Sunday, September 8, 2019

Book Review: Confident Moms, Confident Daughters by Maria Furlough

About the Book:

What we say to our daughters lasts a moment. What we show our daughters lasts a lifetime.

No matter how much we try to tell our daughters that they are beautiful and lovable as they are, words are not enough. And if we're honest, we don't always set the best example. How can we build up confident girls if we struggle to be confident ourselves?

With deep compassion, Maria Furlough delves into the root causes of our insecurity, offers biblical guidance for seeing ourselves as God sees us, and shows how to model our newfound confidence to our impressionable daughters. Speaking as a daughter, a youth leader, and a mother, Furlough shares her own struggles and triumphs, as well as expert advice from a pediatrician, a nutritionist, a Christian counselor, and more.

My Thoughts:

In Confident Moms, Confident Daughters, author Maria Furlough aims to encourage and equip moms who desire to help their daughters live free from insecurity in an image-obsessed culture.

The author balanced well the ideas of “true beauty” and physical beauty. She emphasized “true beauty” as most important, but validated the feminine desire for physical beauty. She gave practical tips to help a mom feel confident about her physical characteristics. She encourages a woman to focus on what she loves about her body and play to those strengths by purchasing clothes that fit well or trying a new makeup style. In short, use and enjoy what works for you. She is not saying to dress provocatively. Rather, she’s encouraging women to be clothed with “strength and dignity” (a phrase by her daughter on page 138) and that includes dressing in clothes that make one feel strong and confident. Being confident yourself is a crucial step to helping your daughter be confident in her body.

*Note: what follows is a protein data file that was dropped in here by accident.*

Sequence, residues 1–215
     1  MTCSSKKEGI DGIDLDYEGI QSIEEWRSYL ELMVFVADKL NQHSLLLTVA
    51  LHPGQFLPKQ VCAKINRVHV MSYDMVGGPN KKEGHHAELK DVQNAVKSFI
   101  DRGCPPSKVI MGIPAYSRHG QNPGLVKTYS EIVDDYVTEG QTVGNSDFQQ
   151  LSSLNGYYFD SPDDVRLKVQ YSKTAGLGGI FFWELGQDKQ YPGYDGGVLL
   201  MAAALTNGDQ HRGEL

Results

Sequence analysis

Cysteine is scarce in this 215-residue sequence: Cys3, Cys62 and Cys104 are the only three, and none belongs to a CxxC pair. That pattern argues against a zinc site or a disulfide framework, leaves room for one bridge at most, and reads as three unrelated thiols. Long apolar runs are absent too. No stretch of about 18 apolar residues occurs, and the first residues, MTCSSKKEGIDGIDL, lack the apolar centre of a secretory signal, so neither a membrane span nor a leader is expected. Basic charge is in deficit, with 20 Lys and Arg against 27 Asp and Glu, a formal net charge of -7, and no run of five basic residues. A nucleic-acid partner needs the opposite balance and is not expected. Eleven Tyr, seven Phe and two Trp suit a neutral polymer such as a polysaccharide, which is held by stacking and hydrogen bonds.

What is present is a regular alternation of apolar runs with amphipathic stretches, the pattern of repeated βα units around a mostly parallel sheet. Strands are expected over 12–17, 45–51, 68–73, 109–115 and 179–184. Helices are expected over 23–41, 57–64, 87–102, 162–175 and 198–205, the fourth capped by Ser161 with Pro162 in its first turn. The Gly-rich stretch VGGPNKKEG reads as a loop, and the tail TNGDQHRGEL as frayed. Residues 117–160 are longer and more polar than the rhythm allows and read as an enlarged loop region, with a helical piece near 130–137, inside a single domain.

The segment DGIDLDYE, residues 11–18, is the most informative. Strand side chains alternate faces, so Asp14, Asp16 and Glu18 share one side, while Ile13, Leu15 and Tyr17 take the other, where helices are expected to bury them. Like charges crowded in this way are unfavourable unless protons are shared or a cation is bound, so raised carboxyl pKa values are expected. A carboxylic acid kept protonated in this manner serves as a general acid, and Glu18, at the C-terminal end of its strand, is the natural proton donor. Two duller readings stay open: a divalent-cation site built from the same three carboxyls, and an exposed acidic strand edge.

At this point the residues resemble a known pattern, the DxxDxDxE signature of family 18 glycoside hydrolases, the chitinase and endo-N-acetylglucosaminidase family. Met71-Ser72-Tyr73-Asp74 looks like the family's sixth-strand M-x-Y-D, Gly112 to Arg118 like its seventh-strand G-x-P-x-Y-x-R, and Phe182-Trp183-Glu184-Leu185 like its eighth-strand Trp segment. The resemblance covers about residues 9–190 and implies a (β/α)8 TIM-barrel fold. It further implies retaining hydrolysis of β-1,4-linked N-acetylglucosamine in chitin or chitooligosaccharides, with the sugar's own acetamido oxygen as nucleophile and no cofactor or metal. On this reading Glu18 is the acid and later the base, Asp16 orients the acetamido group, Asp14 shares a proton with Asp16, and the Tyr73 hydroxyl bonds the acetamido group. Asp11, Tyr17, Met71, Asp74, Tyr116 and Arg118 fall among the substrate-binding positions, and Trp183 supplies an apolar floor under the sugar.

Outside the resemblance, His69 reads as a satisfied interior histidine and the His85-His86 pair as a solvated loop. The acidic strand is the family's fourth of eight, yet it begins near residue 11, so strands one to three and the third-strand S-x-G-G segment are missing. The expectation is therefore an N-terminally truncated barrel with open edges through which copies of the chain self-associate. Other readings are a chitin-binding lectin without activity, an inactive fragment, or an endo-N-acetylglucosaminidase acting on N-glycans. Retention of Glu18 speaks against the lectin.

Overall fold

My main takeaways from Confident Moms, Confident Daughters were: 1.) Don’t speak negatively about your body or your daughter’s body. 2.) Don’t vent or dump your issues on your daughter. Talk to the husband, friends, or family, but don’t make your daughter carry your burdens or issues. 3.) Reflective listening. 4.) Honest communication and connection creates an inroad for you to be able to speak truth to your daughter about this crucial issue.

I recommend Confident Moms, Confident Daughters by Maria Furlough to any mom. I will keep this book and reread it in the future. The discussion questions to talk with your daughter about are more appropriate for tween and teen girls. My daughters are much younger and I don’t think they would completely understand or process the questions deeply. Still, the information in the book is valuable as I can start applying the recommended practices when they are young.

Disclosure of Material Connection: I was provided a copy of this book by the publisher. All opinions in this review are my own.

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